Graduate Education and Training in Health Psychology

  • Joseph A. Istvan
  • Joseph D. Matarazzo

Abstract

Few fields of study in psychology have experienced as explosive a growth of interest during the past decade as health psychology. Demonstration of the interest in this emergent field can be found on a variety of fronts—in the growth of discipline-specific journals, in the award of increasing amounts of federal and private monies for health psychology research, and in the establishment of graduate programs that attempt to train students in the expanding field. It is this last area of development of this subdiscipline that is the primary focus of the present chapter.

Keywords

Demic Entity Income Explosive Beach Arena 

Preview

Unable to display preview. Download preview PDF.

Unable to display preview. Download preview PDF.

References

  1. American Psychological Association, Committee on Training in Clinical Psychology. (1947). Recommended graduate training program in clinical psychology. American Psychologist, 2, 539–558.Google Scholar
  2. Belar, C. D., Wilson, E., & Hughes, H. (1982). Health psychology training in doctoral psychology programs. Health Psychology, 1, 289–299.CrossRefGoogle Scholar
  3. Cohen, L. K. (1981). Dentistry and the behavioral-social sciences: An historical overview. Journal of Behavioral Medicine, 4, 247–256.PubMedCrossRefGoogle Scholar
  4. Istvan, J. (1986). Stress, anxiety, and birth outcomes: A critical review of the evidence. Psychological Bulletin, 100, 331–348.PubMedCrossRefGoogle Scholar
  5. Istvan, J., & Hatton, D. (1987). Curriculum of graduate training programs in health psychology. In G. C. Stone, S. M. Weiss, J. D. Matarazzo, N. E. Miller, J. Rodin, C. D. Belar, M. J. Follick, & J. E. Singer (Eds.), Health psychology: A discipline and a profession. Chicago: University of Chicago Press.Google Scholar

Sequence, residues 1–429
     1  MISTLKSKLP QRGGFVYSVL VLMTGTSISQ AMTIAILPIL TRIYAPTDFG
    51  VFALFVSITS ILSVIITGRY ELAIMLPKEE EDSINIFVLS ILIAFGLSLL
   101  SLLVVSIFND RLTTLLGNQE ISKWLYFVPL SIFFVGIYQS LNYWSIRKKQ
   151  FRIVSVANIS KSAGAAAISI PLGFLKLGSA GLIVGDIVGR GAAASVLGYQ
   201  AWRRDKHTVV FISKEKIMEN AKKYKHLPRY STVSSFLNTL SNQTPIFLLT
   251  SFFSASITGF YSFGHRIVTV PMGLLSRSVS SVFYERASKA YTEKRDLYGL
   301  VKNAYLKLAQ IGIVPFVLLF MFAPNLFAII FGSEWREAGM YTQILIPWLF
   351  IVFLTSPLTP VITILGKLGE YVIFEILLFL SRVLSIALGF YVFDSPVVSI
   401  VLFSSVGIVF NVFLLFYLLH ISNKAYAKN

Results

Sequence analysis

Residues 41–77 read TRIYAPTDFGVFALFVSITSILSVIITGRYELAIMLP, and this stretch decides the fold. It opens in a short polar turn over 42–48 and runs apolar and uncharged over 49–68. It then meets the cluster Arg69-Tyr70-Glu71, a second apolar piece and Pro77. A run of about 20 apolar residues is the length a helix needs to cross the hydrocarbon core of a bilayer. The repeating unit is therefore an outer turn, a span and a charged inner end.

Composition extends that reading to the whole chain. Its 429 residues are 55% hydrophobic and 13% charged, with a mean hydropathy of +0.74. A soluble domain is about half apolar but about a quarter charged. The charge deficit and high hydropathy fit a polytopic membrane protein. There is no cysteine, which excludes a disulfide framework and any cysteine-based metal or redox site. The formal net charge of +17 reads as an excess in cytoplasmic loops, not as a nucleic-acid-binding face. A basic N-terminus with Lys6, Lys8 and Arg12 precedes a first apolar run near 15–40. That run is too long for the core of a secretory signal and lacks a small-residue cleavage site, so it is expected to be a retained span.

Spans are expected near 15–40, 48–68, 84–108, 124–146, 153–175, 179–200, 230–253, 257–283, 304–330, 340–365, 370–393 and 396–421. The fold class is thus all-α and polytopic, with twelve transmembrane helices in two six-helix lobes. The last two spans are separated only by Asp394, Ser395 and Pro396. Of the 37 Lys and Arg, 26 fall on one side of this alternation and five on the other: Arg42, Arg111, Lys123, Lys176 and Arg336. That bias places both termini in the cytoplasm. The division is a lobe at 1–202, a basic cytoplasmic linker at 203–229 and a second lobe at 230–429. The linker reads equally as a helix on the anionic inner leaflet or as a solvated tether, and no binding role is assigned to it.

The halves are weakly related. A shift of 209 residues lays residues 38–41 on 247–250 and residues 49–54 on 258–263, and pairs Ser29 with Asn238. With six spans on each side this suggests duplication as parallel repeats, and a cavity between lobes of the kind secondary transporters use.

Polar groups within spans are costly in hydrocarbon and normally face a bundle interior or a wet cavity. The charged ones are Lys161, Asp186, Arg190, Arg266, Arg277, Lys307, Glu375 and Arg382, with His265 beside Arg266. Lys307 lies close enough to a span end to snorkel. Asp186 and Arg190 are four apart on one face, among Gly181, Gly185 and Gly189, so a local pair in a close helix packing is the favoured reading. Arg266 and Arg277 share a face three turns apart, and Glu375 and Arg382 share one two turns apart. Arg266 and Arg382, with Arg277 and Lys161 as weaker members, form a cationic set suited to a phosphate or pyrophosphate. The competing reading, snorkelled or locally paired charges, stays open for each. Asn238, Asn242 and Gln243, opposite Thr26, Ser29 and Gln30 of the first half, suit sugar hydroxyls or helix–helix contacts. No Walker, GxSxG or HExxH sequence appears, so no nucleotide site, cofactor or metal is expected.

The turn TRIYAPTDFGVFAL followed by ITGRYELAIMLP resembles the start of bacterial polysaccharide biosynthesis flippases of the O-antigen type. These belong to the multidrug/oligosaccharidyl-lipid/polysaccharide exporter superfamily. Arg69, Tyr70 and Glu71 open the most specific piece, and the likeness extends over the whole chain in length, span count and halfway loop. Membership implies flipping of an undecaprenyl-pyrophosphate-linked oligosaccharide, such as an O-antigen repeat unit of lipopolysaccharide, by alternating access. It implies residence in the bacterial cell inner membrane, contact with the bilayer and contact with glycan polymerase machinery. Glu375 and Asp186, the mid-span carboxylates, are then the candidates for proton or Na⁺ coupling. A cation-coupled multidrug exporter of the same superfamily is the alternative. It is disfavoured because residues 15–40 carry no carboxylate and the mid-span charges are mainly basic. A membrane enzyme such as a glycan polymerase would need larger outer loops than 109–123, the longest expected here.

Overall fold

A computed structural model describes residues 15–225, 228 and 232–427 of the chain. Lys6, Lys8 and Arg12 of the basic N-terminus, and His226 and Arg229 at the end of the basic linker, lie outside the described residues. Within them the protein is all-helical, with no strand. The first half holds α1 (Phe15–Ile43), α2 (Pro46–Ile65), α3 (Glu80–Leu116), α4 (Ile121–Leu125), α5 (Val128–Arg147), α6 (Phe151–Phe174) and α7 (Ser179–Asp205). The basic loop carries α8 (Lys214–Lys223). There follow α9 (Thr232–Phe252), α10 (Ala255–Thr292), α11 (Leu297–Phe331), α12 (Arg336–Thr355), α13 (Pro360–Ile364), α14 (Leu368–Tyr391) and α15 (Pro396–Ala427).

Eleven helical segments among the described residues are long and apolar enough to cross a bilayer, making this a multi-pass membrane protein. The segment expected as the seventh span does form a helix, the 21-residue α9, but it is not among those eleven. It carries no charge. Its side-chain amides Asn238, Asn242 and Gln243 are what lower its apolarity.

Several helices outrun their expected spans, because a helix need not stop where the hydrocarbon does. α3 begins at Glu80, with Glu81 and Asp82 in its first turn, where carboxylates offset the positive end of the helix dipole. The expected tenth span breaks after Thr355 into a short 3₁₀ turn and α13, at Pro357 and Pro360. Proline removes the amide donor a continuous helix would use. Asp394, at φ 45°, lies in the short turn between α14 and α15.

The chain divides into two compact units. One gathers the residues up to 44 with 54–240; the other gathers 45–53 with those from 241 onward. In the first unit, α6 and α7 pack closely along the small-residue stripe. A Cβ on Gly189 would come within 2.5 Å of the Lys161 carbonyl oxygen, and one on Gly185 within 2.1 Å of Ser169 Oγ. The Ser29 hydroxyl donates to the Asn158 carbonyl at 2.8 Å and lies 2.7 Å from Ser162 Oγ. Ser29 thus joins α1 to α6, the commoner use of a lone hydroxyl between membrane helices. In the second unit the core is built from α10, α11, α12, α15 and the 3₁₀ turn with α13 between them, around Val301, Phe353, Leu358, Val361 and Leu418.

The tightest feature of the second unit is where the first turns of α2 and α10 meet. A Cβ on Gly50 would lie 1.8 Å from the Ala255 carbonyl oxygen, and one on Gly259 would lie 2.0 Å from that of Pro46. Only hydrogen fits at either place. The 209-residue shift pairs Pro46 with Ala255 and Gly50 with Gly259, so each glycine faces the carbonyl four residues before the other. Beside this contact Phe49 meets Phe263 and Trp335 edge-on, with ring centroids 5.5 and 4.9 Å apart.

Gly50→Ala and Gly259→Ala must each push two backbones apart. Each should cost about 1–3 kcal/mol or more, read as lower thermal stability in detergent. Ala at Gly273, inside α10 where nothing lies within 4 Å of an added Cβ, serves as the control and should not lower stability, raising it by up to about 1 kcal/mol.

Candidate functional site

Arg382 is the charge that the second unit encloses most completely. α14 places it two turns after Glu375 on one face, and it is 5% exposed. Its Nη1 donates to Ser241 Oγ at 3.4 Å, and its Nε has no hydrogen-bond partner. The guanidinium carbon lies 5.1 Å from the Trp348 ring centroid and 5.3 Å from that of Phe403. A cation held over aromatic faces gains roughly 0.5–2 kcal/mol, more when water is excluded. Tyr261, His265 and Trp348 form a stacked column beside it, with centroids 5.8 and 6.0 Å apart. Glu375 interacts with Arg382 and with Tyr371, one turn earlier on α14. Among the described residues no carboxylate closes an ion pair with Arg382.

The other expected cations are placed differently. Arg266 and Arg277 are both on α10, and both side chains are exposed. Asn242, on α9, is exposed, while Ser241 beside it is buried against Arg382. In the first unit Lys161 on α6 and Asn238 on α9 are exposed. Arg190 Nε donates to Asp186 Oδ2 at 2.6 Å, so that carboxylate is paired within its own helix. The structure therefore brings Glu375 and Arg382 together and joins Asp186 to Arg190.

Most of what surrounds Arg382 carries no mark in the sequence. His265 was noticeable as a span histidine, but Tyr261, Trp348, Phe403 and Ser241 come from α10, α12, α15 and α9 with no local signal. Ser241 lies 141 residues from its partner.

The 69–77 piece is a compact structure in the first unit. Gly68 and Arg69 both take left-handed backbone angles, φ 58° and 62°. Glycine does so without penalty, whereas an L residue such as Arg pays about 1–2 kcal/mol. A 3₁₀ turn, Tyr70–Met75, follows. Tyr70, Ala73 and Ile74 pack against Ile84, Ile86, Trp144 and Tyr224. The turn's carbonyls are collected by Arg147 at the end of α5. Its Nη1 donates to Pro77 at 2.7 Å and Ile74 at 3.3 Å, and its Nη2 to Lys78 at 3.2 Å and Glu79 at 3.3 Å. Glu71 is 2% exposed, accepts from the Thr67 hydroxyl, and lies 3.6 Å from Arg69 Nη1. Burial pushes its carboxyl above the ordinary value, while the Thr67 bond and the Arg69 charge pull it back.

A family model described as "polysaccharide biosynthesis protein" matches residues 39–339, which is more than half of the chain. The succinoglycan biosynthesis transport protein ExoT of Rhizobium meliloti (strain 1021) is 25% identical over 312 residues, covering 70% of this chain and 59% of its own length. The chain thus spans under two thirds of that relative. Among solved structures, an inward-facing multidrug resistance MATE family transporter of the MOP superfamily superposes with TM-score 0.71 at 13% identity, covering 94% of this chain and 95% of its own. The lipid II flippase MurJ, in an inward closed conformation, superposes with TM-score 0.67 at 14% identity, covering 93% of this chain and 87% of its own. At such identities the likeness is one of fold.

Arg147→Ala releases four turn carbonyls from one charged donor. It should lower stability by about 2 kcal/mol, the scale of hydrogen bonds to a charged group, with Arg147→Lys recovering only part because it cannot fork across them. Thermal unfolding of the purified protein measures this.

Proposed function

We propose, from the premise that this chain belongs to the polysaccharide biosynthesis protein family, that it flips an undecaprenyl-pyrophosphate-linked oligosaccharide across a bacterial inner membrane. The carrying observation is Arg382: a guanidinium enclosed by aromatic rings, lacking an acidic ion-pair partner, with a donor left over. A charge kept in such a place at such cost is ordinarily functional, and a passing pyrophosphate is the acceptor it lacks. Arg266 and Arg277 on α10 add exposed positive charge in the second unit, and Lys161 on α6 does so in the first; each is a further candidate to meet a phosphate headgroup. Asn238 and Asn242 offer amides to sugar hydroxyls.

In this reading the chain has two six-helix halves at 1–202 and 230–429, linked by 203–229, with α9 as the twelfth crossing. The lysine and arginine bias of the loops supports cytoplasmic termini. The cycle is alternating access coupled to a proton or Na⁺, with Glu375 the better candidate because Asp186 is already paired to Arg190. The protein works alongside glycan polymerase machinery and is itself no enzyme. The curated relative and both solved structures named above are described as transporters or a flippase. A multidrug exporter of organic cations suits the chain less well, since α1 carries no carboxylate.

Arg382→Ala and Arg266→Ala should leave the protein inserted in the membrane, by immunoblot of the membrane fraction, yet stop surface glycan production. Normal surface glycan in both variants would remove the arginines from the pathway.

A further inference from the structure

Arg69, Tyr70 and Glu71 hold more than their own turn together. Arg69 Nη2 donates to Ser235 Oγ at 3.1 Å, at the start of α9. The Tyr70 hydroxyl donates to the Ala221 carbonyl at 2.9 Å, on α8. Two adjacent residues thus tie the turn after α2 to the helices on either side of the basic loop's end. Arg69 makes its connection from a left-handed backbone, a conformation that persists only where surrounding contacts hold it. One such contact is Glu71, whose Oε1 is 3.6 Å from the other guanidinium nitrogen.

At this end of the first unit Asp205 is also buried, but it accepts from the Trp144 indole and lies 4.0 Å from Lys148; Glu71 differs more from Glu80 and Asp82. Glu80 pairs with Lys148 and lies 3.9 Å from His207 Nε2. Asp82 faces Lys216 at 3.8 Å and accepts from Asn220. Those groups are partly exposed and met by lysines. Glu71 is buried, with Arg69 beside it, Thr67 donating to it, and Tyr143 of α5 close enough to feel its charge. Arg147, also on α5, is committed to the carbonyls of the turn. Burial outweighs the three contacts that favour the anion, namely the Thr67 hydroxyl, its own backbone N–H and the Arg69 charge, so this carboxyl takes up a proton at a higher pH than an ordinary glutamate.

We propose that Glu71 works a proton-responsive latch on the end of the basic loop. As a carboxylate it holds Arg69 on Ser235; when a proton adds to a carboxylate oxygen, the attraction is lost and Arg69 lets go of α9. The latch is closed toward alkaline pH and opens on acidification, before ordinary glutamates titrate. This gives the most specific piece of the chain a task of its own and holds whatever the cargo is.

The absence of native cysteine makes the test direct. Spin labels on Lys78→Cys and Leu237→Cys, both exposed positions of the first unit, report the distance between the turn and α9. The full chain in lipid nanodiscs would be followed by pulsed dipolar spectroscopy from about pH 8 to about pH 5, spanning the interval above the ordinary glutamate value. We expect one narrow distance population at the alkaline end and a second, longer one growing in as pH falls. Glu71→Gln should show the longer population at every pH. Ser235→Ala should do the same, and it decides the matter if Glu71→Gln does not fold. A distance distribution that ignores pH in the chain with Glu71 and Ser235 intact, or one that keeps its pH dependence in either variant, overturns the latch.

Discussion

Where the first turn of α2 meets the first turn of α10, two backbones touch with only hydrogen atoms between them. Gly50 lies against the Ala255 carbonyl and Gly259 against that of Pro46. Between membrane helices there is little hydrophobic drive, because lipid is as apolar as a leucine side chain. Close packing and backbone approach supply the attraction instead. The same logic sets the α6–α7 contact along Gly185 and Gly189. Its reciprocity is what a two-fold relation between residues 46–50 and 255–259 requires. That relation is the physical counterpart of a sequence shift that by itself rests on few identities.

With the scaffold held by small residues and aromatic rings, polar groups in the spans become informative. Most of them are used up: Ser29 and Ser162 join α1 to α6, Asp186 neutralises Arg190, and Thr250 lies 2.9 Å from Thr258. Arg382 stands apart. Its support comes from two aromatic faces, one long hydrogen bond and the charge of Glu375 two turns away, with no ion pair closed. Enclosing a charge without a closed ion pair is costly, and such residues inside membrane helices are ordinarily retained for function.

6. Keefe, F. J. (1982). Behavioral assessment and treatment of chronic pain: Current status and future directions. Journal of Consulting and Clinical Psychology, 50, 896–911.PubMedCrossRefGoogle Scholar
  7. Matarazzo, J. D. (1983). Education and training in health psychology: Boulder or bolder. Health Psychology, 2, 73–113.CrossRefGoogle Scholar
  8. Matarazzo, J. D. (1987). Relationships of health psychology to other segments of psychology. In G. C. Stone, S. M. Weiss, J. D. Matarazzo, N. E. Miller, J. Rodin, C. D. Belar, M. J. Follick, & J. E. Singer (Eds.), Health psychology: A discipline and a profession. Chicago: University of Chicago Press.Google Scholar
  9. Matthews, K. A., & Avis, N. E. (1982). Psychologists in schools of public health: Current status, future prospects and implications for other health settings. American Psychologist, 37, 949–954.PubMedCrossRefGoogle Scholar
  10. Melzack, R., & Wall, P. D. (1982). The challenge of pain. New York: Basic Books.Google Scholar
  11. Raimy, V. C. (1950). Training in clinical psychology. New York: Prentice-Hall.Google Scholar
  12. Tanabe, G. (1982). The potential for public health psychology. American Psychologist, 37, 942–944.PubMedCrossRefGoogle Scholar

Copyright information

© Plenum Press, New York 1987

Authors and Affiliations

  • Joseph A. Istvan
    • 1
  • Joseph D. Matarazzo
    • 1
  1. 1.Department of Medical PsychologySchool of Medicine, Oregon Health Sciences UniversityPortlandUSA

Personalised recommendations